Date of Degree

6-2021

Document Type

Thesis

Degree Name

M.S.

Program

Cognitive Neuroscience

Advisor

Junghoon Kim

Subject Categories

Diagnosis | Medical Anatomy | Medical Neurobiology | Nervous System | Nervous System Diseases | Neurology | Neurosciences | Pathological Conditions, Signs and Symptoms | Trauma

Keywords

Traumatic Brain Injury, Cerebral Blood Flow, Arterial Spin Labeling, Support Vector Machine, Machine Learning, MRI

Abstract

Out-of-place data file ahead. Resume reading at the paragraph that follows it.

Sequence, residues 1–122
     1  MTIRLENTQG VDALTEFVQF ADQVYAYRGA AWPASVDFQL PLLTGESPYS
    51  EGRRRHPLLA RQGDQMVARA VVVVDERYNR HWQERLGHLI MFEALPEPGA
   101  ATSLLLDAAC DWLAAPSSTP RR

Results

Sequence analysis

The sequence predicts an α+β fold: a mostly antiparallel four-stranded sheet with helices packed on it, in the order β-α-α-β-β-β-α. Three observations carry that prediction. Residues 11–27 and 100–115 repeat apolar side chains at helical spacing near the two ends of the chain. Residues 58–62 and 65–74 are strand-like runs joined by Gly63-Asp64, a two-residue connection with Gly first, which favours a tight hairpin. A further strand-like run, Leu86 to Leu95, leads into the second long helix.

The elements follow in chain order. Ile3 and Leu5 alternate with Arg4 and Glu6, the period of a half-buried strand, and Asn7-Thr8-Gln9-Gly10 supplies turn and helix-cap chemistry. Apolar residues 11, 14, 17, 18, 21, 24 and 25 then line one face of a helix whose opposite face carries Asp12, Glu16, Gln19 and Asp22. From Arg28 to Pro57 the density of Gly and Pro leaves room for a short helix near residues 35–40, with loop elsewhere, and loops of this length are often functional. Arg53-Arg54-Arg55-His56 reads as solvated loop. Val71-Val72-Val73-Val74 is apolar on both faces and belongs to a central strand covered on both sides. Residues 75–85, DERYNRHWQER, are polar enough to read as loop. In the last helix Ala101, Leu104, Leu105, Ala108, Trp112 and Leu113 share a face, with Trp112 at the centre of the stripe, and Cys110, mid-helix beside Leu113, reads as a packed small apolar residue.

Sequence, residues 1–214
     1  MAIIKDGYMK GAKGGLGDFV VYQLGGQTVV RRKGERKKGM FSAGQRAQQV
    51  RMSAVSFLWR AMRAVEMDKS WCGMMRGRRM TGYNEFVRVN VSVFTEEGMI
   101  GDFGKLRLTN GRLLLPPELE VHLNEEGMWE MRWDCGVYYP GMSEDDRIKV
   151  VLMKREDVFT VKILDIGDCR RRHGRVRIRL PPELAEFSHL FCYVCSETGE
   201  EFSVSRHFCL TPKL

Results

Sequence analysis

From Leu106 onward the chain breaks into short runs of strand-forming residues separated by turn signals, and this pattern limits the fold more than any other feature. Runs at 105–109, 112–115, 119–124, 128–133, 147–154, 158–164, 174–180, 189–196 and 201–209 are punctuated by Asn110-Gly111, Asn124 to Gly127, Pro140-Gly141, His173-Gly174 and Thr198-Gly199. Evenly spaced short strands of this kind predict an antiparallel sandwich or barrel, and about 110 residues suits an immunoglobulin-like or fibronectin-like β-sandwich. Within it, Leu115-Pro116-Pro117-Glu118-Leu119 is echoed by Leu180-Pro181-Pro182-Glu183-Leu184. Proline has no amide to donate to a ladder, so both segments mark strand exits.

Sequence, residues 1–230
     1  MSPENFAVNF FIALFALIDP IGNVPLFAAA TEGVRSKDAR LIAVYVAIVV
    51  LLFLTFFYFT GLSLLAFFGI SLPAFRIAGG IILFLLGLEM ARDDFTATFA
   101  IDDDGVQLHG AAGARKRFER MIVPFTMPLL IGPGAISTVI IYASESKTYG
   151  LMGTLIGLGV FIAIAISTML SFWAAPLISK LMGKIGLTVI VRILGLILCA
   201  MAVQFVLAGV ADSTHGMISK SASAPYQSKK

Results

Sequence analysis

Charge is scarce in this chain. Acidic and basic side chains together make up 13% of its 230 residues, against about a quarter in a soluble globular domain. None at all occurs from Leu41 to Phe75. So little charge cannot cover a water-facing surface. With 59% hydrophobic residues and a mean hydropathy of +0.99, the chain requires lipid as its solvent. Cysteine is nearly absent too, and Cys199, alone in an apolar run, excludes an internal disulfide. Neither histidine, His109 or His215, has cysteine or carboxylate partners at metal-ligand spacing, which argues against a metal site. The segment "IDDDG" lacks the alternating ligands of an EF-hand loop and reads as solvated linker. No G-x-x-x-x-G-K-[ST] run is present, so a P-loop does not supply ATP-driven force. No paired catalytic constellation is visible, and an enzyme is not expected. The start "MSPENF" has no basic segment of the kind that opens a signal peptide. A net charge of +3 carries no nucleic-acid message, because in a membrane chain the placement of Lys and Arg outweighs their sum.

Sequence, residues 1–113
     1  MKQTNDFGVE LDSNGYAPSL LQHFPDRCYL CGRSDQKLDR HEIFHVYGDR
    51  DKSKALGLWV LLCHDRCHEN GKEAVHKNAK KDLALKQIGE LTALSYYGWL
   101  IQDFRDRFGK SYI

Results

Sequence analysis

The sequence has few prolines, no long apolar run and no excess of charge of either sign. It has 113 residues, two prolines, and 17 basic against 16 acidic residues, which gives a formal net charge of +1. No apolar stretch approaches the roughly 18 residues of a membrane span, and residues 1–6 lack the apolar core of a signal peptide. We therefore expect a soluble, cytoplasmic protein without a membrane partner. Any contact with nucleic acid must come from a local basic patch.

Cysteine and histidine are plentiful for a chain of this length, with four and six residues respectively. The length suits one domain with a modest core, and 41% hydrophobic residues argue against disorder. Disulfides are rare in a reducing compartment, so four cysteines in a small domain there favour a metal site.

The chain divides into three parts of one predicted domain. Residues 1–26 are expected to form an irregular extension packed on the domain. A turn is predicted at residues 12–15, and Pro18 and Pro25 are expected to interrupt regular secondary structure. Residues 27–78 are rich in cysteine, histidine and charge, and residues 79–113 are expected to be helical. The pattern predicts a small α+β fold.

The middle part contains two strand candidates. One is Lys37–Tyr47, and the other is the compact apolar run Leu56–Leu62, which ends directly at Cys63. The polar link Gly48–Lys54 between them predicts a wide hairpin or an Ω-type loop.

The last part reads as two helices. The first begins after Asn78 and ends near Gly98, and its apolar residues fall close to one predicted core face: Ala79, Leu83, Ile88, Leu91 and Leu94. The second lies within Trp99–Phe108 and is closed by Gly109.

Traumatic brain injury (TBI) is one of the most common causes of death and disability worldwide, yet accurate in vivo detection of TBI neuropathology remains challenging due to complexities in the structural and functional changes observed post-injury as well as limitations in conventional neuroimaging modalities. Although advanced neuroimaging techniques such as arterial spin labeling (ASL) can noninvasively assess cerebral blood flow (CBF) changes observed post-injury, this technique is underutilized in TBI research partly due to the low signal-to-noise-ratio (SNR) inherent in ASL imaging. The aim of the current study is to examine the use of machine learning, specifically a Support Vector Machine (SVM) classifier, in discriminating between healthy controls (n=35) and TBI patients (n=42) using ASL-generated CBF data 3 months post-injury. Identification of the regions of interest (ROIs) most predictive of TBI is also explored as part of this aim. Furthermore, several ASL outlier cleaning methods, such as the Structural Correlation- Based Outlier REjection (SCORE) and prior-guided, slice-wise adaptive outlier cleaning (PAOCSL) algorithms, are examined in relation to improving the SNR and SVM performance. While the classification models tested did not reach statistically significant performance levels, the results were in the direction suggesting that more sophisticated outlier cleaning methods can improve classification accuracy. Potential explanations of the observed low classification accuracy and the implications of our findings on future research are discussed.

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